Monocle gets behind the scenes of Brunei’s first-ever commercial feature film as local artists look to establish an indigenous movie industry to rival their Asian neighbours and make a splash on the international stage.
There is a loud thwack as the girl’s foot meets Yasmine’s face, then a collective intake of breath as she tumbles to the floor in a cry of pain. “Cut! Cut!” yells the film’s director of action scenes, Chan Man-Ching – one of Jackie Chan’s right-hand men for the past 18 years – as he rushes to Yasmine’s side. Aides run over with ice for the wounded lead actress; extras hurry over to see what’s happened; and the director of photography paces, worried. It’s day 42 of the allocated 45 days of filming – just how long might the lead actress be out this time?
“I forgot to duck,” whimpers Liyana Yus, the 20-year-old actress playing Yasmine, as she waits out her injury with an ice pack on set, which today is a university auditorium not far from Brunei Darussalam’s capital Bandar Seri Begawan. “She was a bit fast, and I was a bit slow. At the beginning of filming, I was asked to wear elbow pads but didn’t and I should have... my arms got bruised when we started our fight scenes.”
Welcome to a day on set of Brunei’s first-ever commercial feature film, a €1.5m movie based on popular local themes: love, family, action and drama. Yasmine tells the story of a high-school student who dreams of becoming a silat champion – Brunei’s hypnotic and dance-like form of martial arts – in order to win the attention of the school’s heart-throb, only to discover her initial goal has transformed itself into something much larger than she originally bargained for.
It’s a synopsis nearly everyone in this Southeast Asian sultanate of 416,000 people can relate to, says the film’s director Siti Kamaluddin, a tiny 30-something woman with a penchant for pink Dr Martens who created the film’s concept and later wrote part of the script.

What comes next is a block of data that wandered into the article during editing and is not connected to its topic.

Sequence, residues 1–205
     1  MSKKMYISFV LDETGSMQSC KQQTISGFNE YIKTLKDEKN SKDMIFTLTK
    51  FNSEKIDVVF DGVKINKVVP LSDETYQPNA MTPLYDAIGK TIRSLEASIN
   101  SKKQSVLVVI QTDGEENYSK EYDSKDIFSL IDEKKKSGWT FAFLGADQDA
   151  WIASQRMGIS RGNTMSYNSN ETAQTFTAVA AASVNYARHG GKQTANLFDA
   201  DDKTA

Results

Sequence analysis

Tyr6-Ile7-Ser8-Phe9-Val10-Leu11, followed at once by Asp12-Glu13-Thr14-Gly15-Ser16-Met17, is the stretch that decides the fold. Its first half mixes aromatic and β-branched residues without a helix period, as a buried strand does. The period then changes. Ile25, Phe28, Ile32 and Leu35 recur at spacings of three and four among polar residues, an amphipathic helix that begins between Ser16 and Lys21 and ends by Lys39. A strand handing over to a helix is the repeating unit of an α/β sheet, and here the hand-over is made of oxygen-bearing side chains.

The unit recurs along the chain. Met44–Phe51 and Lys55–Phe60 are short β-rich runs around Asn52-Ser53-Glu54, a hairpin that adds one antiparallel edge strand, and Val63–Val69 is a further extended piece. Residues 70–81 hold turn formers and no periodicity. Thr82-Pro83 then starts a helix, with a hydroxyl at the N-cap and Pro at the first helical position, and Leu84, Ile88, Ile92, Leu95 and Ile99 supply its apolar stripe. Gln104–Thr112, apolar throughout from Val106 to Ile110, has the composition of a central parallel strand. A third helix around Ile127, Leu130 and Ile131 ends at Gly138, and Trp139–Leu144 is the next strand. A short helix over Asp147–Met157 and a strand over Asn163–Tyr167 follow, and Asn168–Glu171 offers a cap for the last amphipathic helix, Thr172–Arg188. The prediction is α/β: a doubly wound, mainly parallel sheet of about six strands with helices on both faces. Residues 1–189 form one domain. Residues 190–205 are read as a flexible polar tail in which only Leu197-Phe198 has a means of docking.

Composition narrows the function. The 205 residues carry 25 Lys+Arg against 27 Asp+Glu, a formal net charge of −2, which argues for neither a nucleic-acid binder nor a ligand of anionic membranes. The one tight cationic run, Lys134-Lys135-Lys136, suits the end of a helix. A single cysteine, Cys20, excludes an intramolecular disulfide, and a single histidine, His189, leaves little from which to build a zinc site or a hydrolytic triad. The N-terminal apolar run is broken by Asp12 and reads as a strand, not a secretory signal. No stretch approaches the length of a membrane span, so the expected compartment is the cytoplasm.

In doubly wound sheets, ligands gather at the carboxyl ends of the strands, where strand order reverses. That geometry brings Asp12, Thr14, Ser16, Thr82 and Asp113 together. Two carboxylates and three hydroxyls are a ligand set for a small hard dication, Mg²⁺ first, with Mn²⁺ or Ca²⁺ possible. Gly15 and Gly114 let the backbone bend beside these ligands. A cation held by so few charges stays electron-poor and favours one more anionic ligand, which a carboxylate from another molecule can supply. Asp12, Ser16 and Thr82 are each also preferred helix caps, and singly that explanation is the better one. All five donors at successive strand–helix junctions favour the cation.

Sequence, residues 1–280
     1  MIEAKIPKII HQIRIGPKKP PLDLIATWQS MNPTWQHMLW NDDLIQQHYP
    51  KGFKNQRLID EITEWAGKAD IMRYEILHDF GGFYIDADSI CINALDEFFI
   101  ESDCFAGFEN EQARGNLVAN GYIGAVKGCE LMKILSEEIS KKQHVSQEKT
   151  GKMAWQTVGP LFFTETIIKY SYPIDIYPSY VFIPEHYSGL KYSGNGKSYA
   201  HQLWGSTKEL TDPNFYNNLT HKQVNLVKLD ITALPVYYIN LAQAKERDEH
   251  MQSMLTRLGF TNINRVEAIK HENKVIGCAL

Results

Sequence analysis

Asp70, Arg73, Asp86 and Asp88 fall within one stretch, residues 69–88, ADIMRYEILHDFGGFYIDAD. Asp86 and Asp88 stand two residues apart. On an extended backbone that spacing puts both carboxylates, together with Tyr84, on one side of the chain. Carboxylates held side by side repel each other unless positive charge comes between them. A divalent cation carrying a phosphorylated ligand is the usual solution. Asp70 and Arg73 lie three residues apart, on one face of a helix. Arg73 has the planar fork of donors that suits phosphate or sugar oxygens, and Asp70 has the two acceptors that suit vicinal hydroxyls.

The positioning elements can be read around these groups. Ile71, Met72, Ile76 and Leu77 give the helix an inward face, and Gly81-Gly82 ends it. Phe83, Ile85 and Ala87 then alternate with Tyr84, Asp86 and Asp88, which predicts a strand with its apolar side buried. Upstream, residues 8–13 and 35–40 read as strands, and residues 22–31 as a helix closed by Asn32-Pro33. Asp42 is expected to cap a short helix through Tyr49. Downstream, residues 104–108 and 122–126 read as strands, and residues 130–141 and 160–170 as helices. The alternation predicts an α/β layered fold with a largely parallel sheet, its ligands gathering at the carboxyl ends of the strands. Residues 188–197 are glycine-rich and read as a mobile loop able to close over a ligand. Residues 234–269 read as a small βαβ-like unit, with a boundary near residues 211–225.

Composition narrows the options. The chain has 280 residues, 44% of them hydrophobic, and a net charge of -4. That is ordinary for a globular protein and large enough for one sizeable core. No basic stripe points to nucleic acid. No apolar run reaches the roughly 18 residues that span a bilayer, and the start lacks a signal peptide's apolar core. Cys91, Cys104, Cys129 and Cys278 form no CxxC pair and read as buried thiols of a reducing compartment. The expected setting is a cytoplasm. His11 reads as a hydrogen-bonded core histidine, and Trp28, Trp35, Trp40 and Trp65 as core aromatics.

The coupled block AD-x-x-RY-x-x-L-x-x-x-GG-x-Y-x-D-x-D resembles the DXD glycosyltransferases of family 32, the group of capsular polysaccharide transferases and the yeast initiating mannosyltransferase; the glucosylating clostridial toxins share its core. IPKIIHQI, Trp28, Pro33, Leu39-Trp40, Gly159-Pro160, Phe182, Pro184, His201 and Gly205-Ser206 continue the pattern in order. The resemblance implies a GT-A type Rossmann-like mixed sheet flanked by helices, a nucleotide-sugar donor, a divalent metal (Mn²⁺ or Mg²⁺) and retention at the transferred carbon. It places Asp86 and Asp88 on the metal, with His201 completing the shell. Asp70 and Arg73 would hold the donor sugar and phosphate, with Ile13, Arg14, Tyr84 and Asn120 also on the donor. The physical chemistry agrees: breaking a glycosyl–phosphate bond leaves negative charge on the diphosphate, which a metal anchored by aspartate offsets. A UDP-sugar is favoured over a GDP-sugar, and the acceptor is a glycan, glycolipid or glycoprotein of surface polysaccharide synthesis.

“Sometimes in life we do something and we might go into it for the wrong reasons, but in the end we discover the things we love,” she says from her director’s chair.
The last time a film was made in Brunei was in the 1960s – the Ministry of Religious Affairs produced it – with a message about living as an upright Bruneian. Today, it would seem – superficially at least – that very little has changed. Radio Television Brunei (rtb), the nation’s sole television company, still rotates religious, educational and drama programmes alongside quiz shows and government campaigns on its five channels. And while Bruneians love going to the cinema, with absolutely no film industry to speak of the country’s five cinemas that are scattered around this jungly and mangrove-rich landscape are awash with Hollywood blockbusters or Malaysian or Indonesian dramedies, with distribution courtesy of neighbouring Malaysia.
In part, that may be why Yasmine’s logline, “Some dreams are worth fighting for”, seems so fitting for the country’s first commercial film. “We don’t have much entertainment in Brunei but everybody loves movies,” explains Siti, a UK-educated local who used to only dream of making a film about a teenage girl coming of age in her native Brunei. “It’s one of our main [forms of] entertainment. That’s what we do: we buy dvds and we go to the cinema to watch movies. And we eat.”
In a country with the second-highest quality of life in Southeast Asia (Singapore is first, according to the UN Development Programme), Brunei’s population is both extremely wealthy – the Sultan himself is worth some $20bn, thanks to the nation’s rich oil and gas reserves – and, for the most part, deeply traditional. A former British colony, Brunei only won its independence in 1984 and has since amassed a reputation as a tax-free haven where the fun things in life – like live music and alcohol – have been banned. As a result, some locals argue, much of the country remains a mystery to outsiders, who know Brunei only as a tiny nation smack in the middle of Malaysia with low petrol prices. And that’s what a local film industry could help change, says Siti’s brother Khairuddin Kamaluddin – known as Din – who doubles as Yasmine’s producer.